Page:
Spearheading an expansive collaboration between groups including libraries, state agencies, colleges, healthcare networks, small businesses, and nonprofit foundations, the Alaska Department of Education & Early Development proposes to enhance public computer centers at more than 100 libraries across the state while launching an innovative free public videoconferencing network available to all Alaska public library users. Many populations in the surrounding community speak the indigenous languages of Alaska rather than English at home, so the project intends to hire bilingual support staff as part of its broader outreach to economically vulnerable populations, including Native Alaskans, other English-as-a-second-language residents, low-income individuals, and at-risk youth. The project also proposes to connect the libraries with limited terrestrial connectivity options to an affordable, sustainable satellite broadband network.
|Alaska Department of Education & Early Development||$5,351,378||Public Computer Centers|
|Communication Service for the Deaf, Inc.||$14,988,657||Sustainable Adoption|
|Connected Nation (Alaska)||$6,378,198||Broadband Data & Development|
|University Corporation for Advanced Internet Development||$62,540,162||Infrastructure|
|University of Alaska Fairbanks||$4,544,546||Sustainable Adoption|
Broadband’s ability to expand educational and employment opportunities is especially meaningful for Americans who are deaf or hard of hearing, a community that faces unique challenges in education and that suffers from a rate of unemployment much higher than the national average. Communication Service for the Deaf, Inc. (CSD) intends to expand broadband adoption among people who are deaf and hard of hearing and provide them with online tools to more fully participate in the digital economy. The project proposes to employ a combination of discounted broadband service and specialized computers, technology training from an online state-of-the art support center customized to the community’s needs, public access to videophones at anchor institutions from coast to coast, and a nationwide outreach initiative. Thousands will gain online access to all the Internet has to offer, including sign language interpreters, captioned video services, and other content and functionalities designed especially to advance their educational, employment, and healthcare interests.
State Broadband Capacity Building:
This project will provide support to the Alaska Broadband Task Force as it seeks to both formalize a strategic broadband plan for the state of Alaska and coordinate broadband activities across relevant agencies and organizations.
This project will undertake research and benchmarking activities on broadband needs, usage, and barriers in local communities and also measure the impact of broadband implementation over time. Connected Nation will also provide training to the Alaska Regional Development Organizations (ARDORs) as they incorporate broadband planning into their ongoing responsibilities.
Application Usage and Development:
This project will conduct an assessment on the availability and quality of e-government applications. The final report will identify deficiencies and opportunities for improvement, particularly among remote and rural populations. The Alaska Broadband Task Force will use these findings to determine how to fund innovative e-government and web 2.0 applications via a sub-grant process that will make government services and data more readily available to Alaska’s communities.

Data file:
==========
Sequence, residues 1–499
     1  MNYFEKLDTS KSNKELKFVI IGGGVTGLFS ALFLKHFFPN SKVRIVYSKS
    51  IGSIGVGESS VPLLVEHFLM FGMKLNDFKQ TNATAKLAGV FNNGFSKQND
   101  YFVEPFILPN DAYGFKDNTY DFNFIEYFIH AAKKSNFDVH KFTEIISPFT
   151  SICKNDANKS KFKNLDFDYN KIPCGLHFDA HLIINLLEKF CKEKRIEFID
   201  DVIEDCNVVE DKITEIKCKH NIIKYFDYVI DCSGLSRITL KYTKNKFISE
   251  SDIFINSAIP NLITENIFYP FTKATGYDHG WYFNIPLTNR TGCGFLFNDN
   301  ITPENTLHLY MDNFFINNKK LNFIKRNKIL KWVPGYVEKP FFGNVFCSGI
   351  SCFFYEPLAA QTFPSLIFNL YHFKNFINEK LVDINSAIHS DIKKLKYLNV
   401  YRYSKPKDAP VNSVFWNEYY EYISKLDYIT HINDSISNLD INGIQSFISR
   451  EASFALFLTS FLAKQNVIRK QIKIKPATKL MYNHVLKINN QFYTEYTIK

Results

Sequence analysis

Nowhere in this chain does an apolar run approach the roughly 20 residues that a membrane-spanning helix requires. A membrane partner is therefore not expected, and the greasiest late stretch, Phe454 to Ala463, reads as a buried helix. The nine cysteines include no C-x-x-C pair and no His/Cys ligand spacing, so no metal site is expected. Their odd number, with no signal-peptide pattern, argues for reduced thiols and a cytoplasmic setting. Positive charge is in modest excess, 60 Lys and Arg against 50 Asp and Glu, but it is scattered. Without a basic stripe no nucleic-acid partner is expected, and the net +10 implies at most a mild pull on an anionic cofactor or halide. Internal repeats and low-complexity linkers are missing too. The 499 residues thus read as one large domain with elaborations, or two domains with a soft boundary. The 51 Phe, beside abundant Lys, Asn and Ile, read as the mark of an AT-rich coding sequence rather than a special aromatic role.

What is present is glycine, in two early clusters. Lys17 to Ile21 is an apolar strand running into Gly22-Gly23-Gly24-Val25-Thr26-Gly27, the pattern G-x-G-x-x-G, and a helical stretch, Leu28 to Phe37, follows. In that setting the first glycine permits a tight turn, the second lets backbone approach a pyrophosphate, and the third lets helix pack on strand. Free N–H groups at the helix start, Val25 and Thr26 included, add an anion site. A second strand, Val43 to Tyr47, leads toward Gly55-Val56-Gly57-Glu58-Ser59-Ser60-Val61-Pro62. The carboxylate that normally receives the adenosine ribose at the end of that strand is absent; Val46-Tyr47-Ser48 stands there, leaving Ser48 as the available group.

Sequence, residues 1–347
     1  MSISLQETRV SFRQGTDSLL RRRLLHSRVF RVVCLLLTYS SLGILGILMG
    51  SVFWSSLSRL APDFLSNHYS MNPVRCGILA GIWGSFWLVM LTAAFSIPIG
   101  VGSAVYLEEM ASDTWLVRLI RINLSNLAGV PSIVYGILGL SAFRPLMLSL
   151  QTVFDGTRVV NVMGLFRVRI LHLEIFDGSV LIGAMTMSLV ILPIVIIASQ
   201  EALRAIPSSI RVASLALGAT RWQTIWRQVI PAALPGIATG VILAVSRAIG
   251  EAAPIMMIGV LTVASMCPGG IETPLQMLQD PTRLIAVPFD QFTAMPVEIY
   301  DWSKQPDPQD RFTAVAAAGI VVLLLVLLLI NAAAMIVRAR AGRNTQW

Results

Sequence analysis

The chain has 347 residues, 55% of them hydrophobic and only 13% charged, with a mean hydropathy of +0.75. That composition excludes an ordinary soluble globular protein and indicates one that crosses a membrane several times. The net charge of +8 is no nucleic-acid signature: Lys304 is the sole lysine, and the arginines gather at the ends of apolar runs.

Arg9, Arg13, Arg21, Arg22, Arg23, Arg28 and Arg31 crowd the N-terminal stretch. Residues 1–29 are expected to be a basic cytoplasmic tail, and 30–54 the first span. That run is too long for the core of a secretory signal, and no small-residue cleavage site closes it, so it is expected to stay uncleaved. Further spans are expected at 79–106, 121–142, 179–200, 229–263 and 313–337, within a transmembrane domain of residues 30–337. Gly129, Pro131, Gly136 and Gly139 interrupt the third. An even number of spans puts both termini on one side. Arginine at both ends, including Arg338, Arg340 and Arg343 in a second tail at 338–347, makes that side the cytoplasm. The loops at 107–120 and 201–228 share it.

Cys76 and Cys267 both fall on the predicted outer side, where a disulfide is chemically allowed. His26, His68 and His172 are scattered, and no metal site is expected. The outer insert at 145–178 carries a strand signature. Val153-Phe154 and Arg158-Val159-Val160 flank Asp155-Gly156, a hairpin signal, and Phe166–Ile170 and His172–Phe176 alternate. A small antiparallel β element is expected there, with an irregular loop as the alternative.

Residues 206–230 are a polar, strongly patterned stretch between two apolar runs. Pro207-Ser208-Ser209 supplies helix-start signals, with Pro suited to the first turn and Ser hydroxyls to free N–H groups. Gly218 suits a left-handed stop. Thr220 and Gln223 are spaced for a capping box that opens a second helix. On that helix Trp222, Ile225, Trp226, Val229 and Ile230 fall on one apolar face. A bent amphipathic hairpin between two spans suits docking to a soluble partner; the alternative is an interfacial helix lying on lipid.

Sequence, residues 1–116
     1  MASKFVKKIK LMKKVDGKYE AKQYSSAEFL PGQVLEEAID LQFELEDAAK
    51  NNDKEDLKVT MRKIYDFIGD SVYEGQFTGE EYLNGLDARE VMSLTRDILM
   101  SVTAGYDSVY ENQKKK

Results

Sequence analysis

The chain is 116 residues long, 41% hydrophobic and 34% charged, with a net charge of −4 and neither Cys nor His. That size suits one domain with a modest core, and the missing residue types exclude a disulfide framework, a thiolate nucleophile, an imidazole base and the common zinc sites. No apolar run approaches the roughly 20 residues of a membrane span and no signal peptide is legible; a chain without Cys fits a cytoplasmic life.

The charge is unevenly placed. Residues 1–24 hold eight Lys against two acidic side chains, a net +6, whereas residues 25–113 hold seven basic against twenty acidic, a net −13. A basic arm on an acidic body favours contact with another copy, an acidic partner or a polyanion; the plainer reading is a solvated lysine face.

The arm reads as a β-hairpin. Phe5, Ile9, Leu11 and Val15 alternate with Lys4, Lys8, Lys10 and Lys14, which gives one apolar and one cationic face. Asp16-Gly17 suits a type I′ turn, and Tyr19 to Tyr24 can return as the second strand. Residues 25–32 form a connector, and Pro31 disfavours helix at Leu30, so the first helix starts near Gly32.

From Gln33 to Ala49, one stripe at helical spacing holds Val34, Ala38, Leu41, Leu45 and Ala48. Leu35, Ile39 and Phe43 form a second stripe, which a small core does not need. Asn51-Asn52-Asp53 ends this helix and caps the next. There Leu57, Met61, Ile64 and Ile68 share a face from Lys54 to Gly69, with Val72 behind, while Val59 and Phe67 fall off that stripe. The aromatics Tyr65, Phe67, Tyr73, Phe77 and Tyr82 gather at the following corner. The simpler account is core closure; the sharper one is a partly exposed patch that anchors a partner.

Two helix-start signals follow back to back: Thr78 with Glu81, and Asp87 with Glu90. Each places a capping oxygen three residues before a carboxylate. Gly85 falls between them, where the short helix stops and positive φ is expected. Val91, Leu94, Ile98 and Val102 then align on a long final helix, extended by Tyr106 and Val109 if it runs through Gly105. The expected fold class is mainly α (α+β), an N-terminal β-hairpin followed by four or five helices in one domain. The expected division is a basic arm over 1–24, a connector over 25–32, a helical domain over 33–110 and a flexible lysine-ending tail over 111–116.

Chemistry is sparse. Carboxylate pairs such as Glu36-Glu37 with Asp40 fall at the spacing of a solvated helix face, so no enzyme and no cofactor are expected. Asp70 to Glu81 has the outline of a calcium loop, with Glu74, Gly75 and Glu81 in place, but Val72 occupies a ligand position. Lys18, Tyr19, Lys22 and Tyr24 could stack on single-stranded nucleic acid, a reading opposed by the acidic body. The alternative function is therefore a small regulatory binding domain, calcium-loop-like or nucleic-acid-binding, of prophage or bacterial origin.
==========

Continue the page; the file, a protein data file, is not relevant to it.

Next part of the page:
Data Collection, Integration, and Validation:
This project was originally funded for broadband planning activities and two years of data collection. In September of 2010, this project was amended to extend data collection activities for an additional three years and to identify and implement best practices.
As part of a longstanding project to connect essential community anchor institutions across the country, and facilitate closer collaboration and long-term benefits for education, research, healthcare, public safety, and government services, the University Corporation for Advanced Internet Development (UCAID) proposes a comprehensive 50-state network benefitting approximately 121,000 community anchors. The project proposes a large-scale, public-private partnership to interconnect more than 30 existing research and education networks, creating a dedicated 100-200 Gbps nationwide fiber backbone with 3.2 terabits per second (TBps) total capacity that would enable advanced networking features such as IPv6 and video multicasting. The project plans to connect community anchors across all disciplines into virtual communities with shared goals and objectives, including colleges, universities, libraries, major veterans and other health care facilities, and public safety entities, with additional benefits to tribes, vulnerable populations, and government entities.
Alaska and its rural communities often lack crucial broadband-enabled services like distance learning, public safety, and telehealth. The University of Alaska Fairbanks, spearheading the Alaska Distance Education Consortium, proposes to promote broadband adoption across the state by delivering relevant content and services, driven largely by online learning for professional development, to remote villages including dozens of Native Alaskan villages that are most in need of improved service and adoption levels. The project also plans to train “Village Internet Agents” to respond to the hardware and software needs of residents.